Unlike standard care, the Dr.Bob does not rely solely on risk factor analysis. Dr. Bob recommends testing patients for many of the most common red flags for heart disease or possible cardiac episodes like a heart attack. He also supports the use of advanced lab/imaging tests to check for the hidden signs of arterial disease and other disorders that may cause no symptoms until it’s too late.
Myth: Root canals are one of the leading causes of heart attacks.
Truth: Did you know that there is currently a video on Netflix stating this very myth, that root canals are the leading cause of heart attack? Though this video claims these things, it is all false! Not only did they state it was the leading cause, but also claims physicians advocate for the removal of any root canal treated teeth. Now we are not saying that Oral care and wellness are not crucial because it is. Your dentist may become your lifesaver since oral health plays an essential role in stroke and heart attack prevention.
In a recent study, there is proof that oral bacteria from gum disease is a major contributing factor in heart disease, but it may be treatable. Every dentist visit, have your dentist check for any signs of gum disease and discuss ways to prevent gum disease and improve your oral health. Gum disease affects about 50% of adults over the age of thirty. There are quite a few ways to test for oral pathogens or high-risk bacteria through DNA analysis. It is recommended to use OralDNA, OraVital, or Hain Diagnostics. It is also advised that any teeth that have experienced a root canal get checked using 3D imaging to make sure there are no infections that are not diagnosed or treated.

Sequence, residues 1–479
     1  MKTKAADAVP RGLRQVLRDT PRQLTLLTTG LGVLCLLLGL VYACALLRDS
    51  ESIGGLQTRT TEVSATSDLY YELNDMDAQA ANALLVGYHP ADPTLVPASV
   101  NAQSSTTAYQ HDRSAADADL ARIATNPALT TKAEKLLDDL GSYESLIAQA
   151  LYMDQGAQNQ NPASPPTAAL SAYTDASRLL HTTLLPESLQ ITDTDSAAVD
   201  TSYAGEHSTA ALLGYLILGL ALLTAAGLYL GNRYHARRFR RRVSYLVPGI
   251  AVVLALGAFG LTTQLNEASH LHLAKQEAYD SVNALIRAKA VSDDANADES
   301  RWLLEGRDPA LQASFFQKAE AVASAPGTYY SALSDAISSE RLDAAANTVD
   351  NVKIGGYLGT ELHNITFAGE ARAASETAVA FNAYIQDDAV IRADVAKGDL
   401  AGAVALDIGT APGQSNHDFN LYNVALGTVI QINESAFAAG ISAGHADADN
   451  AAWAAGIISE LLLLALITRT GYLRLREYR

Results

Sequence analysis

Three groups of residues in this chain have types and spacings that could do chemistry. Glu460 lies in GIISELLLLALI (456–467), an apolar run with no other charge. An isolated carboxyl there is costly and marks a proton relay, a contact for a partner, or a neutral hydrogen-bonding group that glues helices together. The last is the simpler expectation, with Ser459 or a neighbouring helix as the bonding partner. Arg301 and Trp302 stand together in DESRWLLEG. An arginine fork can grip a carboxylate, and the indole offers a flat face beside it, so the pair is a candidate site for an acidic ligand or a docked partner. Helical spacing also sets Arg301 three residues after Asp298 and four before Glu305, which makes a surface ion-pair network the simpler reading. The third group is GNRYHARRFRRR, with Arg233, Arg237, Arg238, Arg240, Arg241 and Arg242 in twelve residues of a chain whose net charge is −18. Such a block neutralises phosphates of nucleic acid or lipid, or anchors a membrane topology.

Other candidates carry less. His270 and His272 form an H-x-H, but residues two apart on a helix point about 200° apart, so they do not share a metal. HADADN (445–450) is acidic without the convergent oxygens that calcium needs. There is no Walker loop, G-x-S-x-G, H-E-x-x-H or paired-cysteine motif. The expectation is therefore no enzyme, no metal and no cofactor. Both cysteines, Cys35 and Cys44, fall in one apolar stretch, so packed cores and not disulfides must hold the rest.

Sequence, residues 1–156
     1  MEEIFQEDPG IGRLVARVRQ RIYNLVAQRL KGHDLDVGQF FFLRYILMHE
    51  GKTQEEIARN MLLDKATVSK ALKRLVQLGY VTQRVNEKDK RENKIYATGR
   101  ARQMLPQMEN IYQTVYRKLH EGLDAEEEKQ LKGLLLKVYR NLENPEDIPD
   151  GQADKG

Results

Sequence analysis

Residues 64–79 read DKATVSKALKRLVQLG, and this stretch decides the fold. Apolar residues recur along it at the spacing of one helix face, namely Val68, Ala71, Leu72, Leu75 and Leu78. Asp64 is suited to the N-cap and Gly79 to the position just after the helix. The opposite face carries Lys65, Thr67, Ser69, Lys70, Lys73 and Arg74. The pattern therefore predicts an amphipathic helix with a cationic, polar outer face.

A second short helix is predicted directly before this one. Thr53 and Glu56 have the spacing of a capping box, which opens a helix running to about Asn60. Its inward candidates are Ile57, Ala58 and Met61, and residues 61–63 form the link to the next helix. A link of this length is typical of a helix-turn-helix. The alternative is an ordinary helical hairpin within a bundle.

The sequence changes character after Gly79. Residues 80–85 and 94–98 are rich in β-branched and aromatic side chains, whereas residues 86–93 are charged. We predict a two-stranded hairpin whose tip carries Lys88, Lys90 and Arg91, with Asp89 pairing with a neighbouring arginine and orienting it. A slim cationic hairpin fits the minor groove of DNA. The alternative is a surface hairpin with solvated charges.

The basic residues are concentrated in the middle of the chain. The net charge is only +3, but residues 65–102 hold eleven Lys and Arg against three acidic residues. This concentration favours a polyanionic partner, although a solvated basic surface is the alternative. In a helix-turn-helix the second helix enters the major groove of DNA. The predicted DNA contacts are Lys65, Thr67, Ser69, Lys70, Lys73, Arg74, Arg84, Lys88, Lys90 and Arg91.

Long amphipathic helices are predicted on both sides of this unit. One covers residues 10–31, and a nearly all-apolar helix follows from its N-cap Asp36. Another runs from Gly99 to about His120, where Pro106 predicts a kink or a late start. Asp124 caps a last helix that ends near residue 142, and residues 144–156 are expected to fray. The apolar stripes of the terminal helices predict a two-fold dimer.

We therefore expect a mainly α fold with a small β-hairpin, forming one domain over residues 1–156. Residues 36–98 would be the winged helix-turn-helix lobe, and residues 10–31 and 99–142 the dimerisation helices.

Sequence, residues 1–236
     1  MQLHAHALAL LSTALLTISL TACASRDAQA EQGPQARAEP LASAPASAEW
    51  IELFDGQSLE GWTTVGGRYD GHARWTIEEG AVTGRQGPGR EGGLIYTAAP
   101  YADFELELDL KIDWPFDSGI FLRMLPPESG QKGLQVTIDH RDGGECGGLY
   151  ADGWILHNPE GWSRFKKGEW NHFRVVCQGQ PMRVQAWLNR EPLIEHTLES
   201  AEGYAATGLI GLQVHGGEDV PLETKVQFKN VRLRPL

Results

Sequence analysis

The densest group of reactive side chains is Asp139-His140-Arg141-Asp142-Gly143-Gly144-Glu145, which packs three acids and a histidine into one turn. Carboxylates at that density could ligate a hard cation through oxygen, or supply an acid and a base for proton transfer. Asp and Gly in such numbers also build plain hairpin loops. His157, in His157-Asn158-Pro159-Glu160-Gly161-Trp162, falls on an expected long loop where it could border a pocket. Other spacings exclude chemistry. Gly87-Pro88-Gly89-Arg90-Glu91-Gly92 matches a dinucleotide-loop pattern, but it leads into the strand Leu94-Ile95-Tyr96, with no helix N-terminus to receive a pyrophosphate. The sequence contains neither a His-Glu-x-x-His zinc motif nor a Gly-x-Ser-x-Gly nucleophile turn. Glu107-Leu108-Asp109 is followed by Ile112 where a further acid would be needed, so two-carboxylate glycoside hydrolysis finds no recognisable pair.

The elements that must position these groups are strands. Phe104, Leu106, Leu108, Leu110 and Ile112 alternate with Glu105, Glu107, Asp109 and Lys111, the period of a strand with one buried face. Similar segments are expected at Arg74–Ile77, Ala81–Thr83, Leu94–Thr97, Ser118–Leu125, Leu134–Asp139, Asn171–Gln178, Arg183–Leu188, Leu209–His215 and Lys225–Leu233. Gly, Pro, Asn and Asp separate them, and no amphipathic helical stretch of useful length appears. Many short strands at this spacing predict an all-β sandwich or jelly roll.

Myth: If you have a family history of heart disease, then there are no ways to prevent you from getting it.
Truth: Well, more than half of Americans carry genes that increase their risk for cardiac episodes. For example, 9P21, this gene represents heart attacks. It is recommended to use genetic testing to learn your genetic risk for cardiac events as well as a personalized plan to follow to help prevent and stabilize the gene. An example of a customized plan would be a dietary plan based on your DNA. There has even been research showing evidence that simple genetic testing and prevention plans based on your DNA can help with arterial difficulties like blockage, which can lead to a heart attack.
Overall, if you live a lifestyle that will keep you at optimal health, it can drastically reduce your risk for cardiac episodes even if you have the high-risk genes. In a study consisting of more than 500,000 people with genetic risk, those who got the most amount of exercise, whether it was a full aerobic workout or biking their risk for heart disease dropped by nearly 50%! There was also evidence that physical inactivity is responsible for prematurely killing 5.3 million people every year. It is advised to discuss ways to prevent heart disease and cardiac episodes with your physician, especially if you carry any high-risk genes.